Please use this identifier to cite or link to this item: http://hdl.handle.net/10397/78842
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Title: On visualizing phonetic data from repeated measures experiments with multiple random effects
Authors: Politzer-Ahles, S 
Piccinini, P
Issue Date: Sep-2018
Source: Journal of phonetics, Sept. 2018, v. 70, p. 56-69
Abstract: In recent years, phonetic sciences has hosted several debates about the best way to statistically analyze data. The main discussion has been about moving away from analyses of variance (ANOVAs) to linear mixed effects models. Mixed models have the advantage both of allowing for including all data points produced by a participant (instead of computing means for each participant) and accounting for both by-participant and by-item variance. However, plotting of data has not always followed this trend. Often researchers plot participant means and standard error (as based on the number of participants), which, while potentially representative of the data used for an ANOVA, do not match the data used for a mixed effects model. The present paper discusses the shortcomings of traditional data visualization practices, solutions to these shortcomings that have been discussed in recent years, and the special challenges that come with trying to extend these solutions to phonetic data with crossed (within-participant and within-item) designs. For each of the problems discussed, we provide examples with simulated data to demonstrate how different plotting techniques can correctly, or incorrectly, represent the underlying structure of data. Ultimately we conclude that there is no single type of plot that can show everything one needs to know about this type of data, and we advocate for an approach that involves using different types of plots throughout data analysis, and making data publicly available.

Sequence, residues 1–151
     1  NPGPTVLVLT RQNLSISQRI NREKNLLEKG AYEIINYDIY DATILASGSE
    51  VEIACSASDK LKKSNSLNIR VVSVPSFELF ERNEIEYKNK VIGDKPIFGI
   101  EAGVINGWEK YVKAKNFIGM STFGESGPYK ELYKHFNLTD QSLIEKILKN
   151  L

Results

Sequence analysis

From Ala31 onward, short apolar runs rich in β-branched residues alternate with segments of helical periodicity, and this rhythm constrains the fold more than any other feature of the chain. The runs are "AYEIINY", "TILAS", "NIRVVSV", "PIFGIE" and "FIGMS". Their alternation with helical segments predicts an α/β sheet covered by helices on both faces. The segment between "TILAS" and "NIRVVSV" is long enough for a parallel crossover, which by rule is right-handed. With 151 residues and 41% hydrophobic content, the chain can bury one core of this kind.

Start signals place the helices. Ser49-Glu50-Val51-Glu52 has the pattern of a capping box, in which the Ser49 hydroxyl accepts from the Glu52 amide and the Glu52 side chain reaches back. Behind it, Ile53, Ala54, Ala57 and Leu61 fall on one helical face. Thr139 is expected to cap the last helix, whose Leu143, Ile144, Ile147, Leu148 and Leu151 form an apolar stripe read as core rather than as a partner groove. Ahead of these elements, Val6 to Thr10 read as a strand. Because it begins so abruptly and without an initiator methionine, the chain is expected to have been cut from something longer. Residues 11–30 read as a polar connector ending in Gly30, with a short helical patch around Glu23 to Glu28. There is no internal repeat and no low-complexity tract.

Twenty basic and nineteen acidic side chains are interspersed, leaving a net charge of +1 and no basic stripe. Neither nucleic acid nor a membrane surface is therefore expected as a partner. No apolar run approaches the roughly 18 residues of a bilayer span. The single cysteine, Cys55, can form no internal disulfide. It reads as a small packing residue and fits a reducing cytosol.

Keywords: Data visualization
Repeated measures
Random effects
Linear mixed effects models
Publisher: Academic Press
Journal: Journal of phonetics 
ISSN: 0095-4470
EISSN: 1095-8576
DOI: 10.1016/j.wocn.2018.05.002
Rights: © 2018 The Authors. Published by Elsevier Ltd. This is an open access article under the CC BY-NC-ND license (http://creativecommons.org/licenses/by-nc-nd/4.0/).
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